A population that perceives itself at the top of the pile soon becomes fearful, runs one theory, because the only direction to go is down. Amid persisting notions of American exceptionalism, we have, since at least the 1980s, become an increasingly fearful nation.
So fearful, in fact, that Chapman University has an academic center dedicated to studying fear in the United States, which conducts an annual survey. That survey shows that large percentages of Americans are afraid, or very afraid, of a lot of things. Pandemics, serious illness and pollution all appear in the top 10. But some fears may be inflated by public portrayals.
Fear of crime is a go-to for politicians seeking votes.
Over 40 percent of Americans reported fear of the Proud Boys last year, for example. Odious as that high-profile group is (and reportedly increasing in membership, unlike other hate groups), few of those 40 percent will directly encounter it. Nearly 50 percent of Americans report fear of terrorism, even though the vast majority of such killings—which are everywhere dwarfed by deaths from many other causes—occur in Asia and Africa. And more Americans fear sexual assault by a stranger than by someone they know, despite the latter being far more common.
Each of those fears, of course, involves crime. And fear of crime is a go-to for politicians seeking votes.
As violent crime has increased in recent years—though nowhere close to historically high 1990s rates—the politics of crime-related fear are back in a big way. For Republicans, “toughness” without results is a party-line stance: Despite the popularity of legalizing cannabis, a mere three House Republicans voted yes to a legalization bill last month. However, many top Democrats have also eschewed stated commitments to decarceration from party leaders, with mayors in New York City and San Francisco recently rattling their sabers in favor of police and the prison-industrial complex.
A new study from Penn State doctoral candidate Andrea Corradi and Professor Eric P. Baumer, published in the most recent issue of Justice Quarterly, provides new academic evidence to support what criminal justice reform activists know all too well. The researchers sought to answer “whether there is a significant inverse association between state/county cumulative imprisonment rates and individual fear,” and “whether any such association arises because cumulative imprisonment rates are associated with reduced crime, which in turn translates into less fear.”
“Those from areas that imposed prison sentences much more frequently were no less afraid.”
Corradi and Baumer ultimately found—while acknowledging limitations based on people’s limited awareness of jurisdictions’ relative incarceration rates—“no evidence that persons from states or counties with extremely high cumulative imprisonment rates during the preceding ten years exhibit significantly less fear, either directly or by affecting larger crime reductions or lower crime rates.”
In other words, they wrote, “those from areas that imposed prison sentences much more frequently were no less afraid than those from areas that imposed prison sentences relatively infrequently.”
Their focus on the county level is perhaps most interesting, as writers and scholars have drawn much more attention in recent years to how much control local officials—and above all, elected local prosecutors—have over incarceration rates. Using the exact same state criminal code, and without any correlation for crime rates, elected prosecutors in any given state oversee vastly different outcomes based on little more than ideology or politics.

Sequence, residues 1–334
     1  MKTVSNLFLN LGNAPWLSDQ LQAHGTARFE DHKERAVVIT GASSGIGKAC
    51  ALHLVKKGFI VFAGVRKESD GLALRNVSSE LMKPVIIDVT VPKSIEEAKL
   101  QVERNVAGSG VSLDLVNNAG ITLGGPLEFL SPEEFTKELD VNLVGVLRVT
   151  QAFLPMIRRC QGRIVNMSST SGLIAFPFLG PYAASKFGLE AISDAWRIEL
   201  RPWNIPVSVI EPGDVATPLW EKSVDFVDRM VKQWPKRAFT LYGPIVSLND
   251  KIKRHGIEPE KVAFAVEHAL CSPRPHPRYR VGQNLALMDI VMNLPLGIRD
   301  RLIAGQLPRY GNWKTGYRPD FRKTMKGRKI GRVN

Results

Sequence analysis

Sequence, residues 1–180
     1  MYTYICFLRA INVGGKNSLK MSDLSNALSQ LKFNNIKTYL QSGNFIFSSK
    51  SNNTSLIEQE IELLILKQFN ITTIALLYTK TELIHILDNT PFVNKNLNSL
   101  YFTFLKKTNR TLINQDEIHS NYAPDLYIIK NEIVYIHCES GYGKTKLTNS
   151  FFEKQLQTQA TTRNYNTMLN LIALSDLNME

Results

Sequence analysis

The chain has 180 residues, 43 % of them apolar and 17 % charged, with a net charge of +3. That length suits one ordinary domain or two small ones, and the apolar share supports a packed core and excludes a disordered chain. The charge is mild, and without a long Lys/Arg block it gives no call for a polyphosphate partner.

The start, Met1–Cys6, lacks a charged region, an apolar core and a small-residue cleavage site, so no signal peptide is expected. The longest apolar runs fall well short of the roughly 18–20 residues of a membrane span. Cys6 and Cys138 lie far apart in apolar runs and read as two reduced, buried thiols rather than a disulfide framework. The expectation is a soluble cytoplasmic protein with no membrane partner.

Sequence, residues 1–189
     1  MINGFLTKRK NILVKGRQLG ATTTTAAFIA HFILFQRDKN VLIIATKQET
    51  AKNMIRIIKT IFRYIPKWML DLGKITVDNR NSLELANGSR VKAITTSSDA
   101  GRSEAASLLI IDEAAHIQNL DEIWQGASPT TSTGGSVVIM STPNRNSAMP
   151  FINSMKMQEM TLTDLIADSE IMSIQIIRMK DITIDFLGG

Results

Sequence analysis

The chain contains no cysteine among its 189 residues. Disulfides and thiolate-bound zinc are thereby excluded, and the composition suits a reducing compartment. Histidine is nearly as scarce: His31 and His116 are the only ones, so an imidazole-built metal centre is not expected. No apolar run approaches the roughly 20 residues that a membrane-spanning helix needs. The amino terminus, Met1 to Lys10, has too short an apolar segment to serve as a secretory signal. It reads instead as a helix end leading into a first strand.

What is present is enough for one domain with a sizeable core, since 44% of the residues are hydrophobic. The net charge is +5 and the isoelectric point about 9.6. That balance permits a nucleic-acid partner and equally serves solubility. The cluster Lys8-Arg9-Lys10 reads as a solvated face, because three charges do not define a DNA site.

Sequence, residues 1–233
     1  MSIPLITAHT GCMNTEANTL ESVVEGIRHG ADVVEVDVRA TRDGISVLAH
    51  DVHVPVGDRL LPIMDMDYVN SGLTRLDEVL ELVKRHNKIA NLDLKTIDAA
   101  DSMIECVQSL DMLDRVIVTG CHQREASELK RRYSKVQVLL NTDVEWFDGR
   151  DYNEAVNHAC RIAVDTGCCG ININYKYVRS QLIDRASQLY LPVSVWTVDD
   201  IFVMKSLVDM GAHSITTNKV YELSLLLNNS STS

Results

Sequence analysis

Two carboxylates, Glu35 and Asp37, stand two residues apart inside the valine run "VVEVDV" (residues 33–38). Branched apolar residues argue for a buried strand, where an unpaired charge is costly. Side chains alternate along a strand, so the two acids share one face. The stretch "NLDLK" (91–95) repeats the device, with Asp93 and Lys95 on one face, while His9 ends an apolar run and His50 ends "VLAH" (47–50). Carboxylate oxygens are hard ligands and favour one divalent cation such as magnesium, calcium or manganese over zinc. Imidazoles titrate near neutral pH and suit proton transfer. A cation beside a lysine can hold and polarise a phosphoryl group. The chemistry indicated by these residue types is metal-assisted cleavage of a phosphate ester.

In Florida, to take one example, Gilchrist County has the lowest cumulative violent crime rate from 2016 to 2019. Yet 769 per 100,000 people from Gilchrist County were incarcerated in 2020. Meanwhile, Miami-Dade County, which has nearly double the violent crime rate per capita, has an incarceration rate less than half that of Gilchrist County. Miami-Dade County is relatively liberal and is served by a single elected State Attorney, Katherine Fernandez Rundle, a conservative Democrat. Gilchrist County is conservative politically, as is State Attorney Brian Kramer, the Republican in charge of prosecutions there and in five other counties.
The authors of the current study acknowledged that mass incarceration has been marketed as a solution for crime fears “among whites and those from the working/middle class.” Here, too, the Florida example is compelling. Non-Hispanic white people make up a supermajority of the population in Gilchrist County, whereas Miami-Dade County is much more racially diverse. Miami-Dade County is also much wealthier, with a per capita income nearly $20,000 higher than that of Gilchrist County.
“If anything, the rhetoric constantly telling them that they were unsafe to justify these policies has kept them feeling so.”
“For decades, fear of crime was used to justify punitive policies that had innumerable impacts on millions of individuals,” Corradi told Filter in an email. “That rhetoric was prominent federally, and translated into local politics as well, until it became inescapable for many elected officials.”
“What this study demonstrates is that local policies attempting to lock up individuals perceived as dangerous did not make Americans feel safe, and there was no empirical foundation for these expensive policies,” she continued. “If anything, the rhetoric constantly telling them that they were unsafe to justify these policies has kept them feeling so. Elected officials, especially in the criminal justice system, should consider whether their response to fear of crime is actually helping to assuage it, or only driving it further.”
Photograph by ИльяБантос via Pixabay